The lack of a functioning devolved government in Stormont means 11 domestic abuse laws designed to protect domestic abuse victims applies to England, Scotland and Wales but not Northern Ireland.
Domestic abuse laws have been updated to make psychological abuse illegal in a relationship.
Draft legislation making coercive or controlling behaviour illegal in a relationship in Northern Ireland was outlined by then Department of Justice Minister, Claire Sugden, in 2016.
However, as a result of the political collapse at Stormont in January 2017 the draft legislation was not brought to the floor of the Northern Ireland Assembly.
This means that Northern Ireland domestic abuse victims are not protected if they are forced to suffer coercive or controlling behaviour while in a relationship.
Domestic abuse victims are therefore better protected in England, Scotland and Wales; all three of which have made the following 11 things illegal for your partner to do
1. Sharing sexually explicit images of you - either online or not.
2. Restricting your access to money.
3. Repeatedly putting you down.
4. Stopping you from seeing friends or family.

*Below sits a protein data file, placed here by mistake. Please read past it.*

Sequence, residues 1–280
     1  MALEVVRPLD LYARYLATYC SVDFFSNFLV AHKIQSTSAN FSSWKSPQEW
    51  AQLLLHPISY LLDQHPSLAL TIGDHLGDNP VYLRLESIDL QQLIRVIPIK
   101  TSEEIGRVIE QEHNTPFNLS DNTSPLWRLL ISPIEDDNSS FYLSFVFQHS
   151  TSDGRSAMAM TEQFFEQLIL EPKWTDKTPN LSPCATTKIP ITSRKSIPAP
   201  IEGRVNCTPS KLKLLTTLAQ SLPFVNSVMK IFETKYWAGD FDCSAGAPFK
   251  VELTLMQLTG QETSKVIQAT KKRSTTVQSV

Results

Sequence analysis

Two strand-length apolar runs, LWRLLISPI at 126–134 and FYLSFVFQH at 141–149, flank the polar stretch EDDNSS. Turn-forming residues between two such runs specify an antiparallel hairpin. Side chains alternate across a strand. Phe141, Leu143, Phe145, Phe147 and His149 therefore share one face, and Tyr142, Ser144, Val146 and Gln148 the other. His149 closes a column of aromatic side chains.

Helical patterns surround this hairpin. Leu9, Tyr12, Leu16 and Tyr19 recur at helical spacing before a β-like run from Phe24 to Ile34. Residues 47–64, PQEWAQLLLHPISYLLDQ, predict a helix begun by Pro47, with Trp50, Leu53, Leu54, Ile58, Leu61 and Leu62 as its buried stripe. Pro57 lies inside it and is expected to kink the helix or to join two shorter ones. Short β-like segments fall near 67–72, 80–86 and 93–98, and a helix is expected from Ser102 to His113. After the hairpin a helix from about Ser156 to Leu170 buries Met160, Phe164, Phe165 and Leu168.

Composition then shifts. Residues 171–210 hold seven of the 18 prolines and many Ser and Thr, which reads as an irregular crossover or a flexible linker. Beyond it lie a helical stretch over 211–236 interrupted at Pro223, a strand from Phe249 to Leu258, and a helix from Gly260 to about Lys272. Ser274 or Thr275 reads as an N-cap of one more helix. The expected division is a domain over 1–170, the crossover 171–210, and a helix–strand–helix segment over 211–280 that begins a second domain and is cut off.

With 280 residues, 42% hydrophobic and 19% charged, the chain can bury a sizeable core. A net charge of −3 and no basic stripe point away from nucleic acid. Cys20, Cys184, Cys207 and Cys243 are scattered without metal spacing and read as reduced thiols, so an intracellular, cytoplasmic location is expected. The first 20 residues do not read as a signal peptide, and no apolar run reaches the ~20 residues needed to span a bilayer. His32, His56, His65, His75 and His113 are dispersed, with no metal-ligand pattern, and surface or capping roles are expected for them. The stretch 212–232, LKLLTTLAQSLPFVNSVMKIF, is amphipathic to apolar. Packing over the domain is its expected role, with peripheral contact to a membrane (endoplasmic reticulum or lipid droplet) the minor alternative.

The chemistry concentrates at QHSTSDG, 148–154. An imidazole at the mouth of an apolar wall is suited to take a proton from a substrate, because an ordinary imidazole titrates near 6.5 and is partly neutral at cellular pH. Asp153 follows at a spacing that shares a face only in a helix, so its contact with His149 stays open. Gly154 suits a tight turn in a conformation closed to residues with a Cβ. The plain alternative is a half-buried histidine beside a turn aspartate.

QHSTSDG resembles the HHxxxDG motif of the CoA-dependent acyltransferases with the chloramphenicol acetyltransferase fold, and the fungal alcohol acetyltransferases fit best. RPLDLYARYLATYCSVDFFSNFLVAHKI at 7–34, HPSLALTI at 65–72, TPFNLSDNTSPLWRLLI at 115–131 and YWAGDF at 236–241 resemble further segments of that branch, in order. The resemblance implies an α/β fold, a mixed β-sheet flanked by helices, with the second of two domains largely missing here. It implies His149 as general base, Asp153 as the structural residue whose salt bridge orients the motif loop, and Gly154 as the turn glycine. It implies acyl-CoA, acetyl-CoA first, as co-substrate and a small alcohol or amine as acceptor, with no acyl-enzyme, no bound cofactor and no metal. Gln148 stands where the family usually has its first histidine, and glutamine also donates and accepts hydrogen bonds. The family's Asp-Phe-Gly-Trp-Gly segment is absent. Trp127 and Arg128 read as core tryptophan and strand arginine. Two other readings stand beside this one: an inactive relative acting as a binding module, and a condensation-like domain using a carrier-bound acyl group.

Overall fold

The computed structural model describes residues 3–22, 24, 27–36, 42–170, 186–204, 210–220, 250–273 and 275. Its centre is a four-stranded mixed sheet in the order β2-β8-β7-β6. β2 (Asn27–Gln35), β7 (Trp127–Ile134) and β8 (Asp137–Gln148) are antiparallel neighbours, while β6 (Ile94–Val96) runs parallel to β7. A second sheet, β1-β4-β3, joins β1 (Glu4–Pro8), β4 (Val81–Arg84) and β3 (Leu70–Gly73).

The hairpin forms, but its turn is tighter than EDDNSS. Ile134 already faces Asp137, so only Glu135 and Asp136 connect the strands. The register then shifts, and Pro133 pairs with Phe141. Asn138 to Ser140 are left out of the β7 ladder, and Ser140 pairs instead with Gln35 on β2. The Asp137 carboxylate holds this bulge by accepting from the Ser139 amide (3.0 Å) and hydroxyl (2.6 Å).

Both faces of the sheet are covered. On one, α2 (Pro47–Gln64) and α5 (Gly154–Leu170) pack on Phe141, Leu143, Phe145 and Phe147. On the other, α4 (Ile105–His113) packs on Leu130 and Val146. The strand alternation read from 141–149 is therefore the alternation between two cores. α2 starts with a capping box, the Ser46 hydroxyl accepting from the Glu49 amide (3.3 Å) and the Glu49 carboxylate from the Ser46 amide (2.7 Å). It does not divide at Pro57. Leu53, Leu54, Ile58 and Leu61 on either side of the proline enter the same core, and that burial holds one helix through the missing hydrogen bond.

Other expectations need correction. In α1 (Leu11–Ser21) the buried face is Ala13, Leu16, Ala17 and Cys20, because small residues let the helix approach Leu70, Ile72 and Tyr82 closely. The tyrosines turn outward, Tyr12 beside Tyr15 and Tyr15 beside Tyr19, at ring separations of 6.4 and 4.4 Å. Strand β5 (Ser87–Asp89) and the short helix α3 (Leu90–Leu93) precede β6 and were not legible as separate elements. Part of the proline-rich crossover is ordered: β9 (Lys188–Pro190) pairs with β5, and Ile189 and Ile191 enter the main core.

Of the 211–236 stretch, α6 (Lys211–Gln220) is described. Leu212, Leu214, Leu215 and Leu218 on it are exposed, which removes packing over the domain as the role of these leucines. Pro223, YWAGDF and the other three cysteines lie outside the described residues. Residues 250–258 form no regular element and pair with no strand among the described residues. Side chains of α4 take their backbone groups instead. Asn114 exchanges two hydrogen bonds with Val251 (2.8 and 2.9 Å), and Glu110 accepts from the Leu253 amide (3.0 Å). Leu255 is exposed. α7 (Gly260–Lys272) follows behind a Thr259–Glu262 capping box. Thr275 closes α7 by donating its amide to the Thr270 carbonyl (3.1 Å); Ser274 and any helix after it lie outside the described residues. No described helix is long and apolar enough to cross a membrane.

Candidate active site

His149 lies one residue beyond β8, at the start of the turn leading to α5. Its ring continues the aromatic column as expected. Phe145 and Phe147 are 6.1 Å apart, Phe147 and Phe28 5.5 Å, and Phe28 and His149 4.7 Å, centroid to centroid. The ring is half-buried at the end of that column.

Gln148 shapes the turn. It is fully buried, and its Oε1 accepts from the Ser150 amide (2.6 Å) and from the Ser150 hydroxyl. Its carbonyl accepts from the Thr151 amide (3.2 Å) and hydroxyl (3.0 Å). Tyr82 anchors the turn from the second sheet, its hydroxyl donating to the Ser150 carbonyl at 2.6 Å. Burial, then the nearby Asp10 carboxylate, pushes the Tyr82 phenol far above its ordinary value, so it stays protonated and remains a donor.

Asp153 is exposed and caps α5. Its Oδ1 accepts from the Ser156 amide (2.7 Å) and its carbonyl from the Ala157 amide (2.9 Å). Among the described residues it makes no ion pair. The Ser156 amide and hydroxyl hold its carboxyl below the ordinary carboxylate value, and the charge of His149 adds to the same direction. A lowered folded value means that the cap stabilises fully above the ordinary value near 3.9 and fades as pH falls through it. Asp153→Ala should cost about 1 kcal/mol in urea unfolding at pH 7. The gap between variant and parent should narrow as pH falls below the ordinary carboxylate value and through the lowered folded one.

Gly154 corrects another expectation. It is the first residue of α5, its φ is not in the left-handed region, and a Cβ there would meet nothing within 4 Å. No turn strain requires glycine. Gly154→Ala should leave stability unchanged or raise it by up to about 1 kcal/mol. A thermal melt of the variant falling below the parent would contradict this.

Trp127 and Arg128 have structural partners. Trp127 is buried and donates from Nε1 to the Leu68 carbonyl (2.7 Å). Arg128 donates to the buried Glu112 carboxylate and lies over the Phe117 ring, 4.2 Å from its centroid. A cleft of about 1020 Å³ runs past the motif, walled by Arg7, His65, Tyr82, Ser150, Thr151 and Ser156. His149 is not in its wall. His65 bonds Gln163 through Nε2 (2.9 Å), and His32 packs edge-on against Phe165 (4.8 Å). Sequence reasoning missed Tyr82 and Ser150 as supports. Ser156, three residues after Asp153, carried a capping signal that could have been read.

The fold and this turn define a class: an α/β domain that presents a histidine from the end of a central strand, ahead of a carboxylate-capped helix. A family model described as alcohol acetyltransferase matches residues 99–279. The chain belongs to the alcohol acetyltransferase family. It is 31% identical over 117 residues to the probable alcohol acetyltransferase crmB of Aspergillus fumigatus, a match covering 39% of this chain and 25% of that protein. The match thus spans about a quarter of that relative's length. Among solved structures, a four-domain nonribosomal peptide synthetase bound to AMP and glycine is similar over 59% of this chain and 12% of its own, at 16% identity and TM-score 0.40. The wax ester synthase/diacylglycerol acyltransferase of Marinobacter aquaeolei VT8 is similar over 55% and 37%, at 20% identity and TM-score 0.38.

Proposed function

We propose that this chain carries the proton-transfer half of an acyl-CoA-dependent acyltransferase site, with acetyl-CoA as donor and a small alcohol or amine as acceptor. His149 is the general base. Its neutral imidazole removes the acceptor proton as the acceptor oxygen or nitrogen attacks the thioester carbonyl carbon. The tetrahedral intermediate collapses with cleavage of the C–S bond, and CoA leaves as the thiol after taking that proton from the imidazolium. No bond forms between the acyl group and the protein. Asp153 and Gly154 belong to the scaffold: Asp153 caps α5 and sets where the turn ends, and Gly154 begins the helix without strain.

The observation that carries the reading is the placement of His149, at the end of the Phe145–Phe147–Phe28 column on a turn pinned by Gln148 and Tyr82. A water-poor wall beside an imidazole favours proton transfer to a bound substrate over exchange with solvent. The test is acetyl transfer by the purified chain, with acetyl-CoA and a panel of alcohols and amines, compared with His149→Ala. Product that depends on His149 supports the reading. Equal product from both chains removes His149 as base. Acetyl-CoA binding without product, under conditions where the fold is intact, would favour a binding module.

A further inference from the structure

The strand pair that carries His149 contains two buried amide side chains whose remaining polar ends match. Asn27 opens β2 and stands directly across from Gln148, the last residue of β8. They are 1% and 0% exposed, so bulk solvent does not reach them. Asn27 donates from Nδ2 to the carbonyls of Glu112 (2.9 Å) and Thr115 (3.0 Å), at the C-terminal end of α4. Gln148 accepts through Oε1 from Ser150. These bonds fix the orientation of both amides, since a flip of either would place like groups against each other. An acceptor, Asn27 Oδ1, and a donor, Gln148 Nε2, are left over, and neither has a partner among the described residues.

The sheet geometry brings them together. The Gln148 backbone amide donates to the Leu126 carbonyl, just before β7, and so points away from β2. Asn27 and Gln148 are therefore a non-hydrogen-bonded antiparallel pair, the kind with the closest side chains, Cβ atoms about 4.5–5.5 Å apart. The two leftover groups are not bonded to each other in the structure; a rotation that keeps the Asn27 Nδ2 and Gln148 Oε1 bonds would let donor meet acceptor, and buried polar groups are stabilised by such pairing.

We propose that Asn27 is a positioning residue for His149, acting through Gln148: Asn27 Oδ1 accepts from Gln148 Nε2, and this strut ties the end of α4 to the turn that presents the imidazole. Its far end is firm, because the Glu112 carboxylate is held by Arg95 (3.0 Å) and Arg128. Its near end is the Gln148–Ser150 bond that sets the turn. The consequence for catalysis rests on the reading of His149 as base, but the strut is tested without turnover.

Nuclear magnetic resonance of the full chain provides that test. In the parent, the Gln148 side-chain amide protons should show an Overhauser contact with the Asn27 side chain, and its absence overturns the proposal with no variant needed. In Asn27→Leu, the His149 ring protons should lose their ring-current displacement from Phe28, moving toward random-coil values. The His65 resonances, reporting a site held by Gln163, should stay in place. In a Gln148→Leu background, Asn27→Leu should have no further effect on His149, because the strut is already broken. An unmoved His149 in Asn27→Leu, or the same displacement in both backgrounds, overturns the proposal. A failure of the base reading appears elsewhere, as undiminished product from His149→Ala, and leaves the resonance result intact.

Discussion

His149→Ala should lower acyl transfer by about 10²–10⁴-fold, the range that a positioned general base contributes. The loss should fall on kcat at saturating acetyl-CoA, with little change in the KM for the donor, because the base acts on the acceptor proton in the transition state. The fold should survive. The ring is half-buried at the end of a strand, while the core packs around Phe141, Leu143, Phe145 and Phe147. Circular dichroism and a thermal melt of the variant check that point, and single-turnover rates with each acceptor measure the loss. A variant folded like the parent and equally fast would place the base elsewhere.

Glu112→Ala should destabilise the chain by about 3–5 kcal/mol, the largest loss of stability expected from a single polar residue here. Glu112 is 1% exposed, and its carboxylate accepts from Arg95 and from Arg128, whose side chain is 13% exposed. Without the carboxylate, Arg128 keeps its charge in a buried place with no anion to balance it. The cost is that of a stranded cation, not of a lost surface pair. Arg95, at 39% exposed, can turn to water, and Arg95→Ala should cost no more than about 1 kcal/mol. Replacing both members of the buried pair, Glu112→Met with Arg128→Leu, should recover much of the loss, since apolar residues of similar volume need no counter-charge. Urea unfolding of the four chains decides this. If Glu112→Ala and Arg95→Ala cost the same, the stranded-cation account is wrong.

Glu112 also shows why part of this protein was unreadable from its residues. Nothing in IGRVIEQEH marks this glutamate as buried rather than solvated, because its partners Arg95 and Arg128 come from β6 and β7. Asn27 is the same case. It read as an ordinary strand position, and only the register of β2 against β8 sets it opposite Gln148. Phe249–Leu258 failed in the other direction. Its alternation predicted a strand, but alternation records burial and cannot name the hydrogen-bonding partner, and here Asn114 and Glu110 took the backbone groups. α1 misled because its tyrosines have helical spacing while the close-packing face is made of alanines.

5. Scaring you.
6. Threatening to reveal private things about you.
7. Putting tracking devices on your phone.
8. Being extremely jealous.
If your partner persistently accuses you of cheating, simply for looking at another person, then this could constitute grounds for prosecution.
Police say “extreme jealousy, including possessiveness and ridiculous accusations of cheating” all come under the legislation.
9. Forcing you to obey their rules.
10. Controlling what you wear.
11. Forcing you to do things you do not want to do.
If you are suffering from domestic abuse you should contact the police immediately. You can contact the PSNI by dialling 101 but if it's an emergency dial 999.
There is also help and support available from 24 Hour Domestic and Sexual Violence Helpline and you can contact them on 0808 802 1414.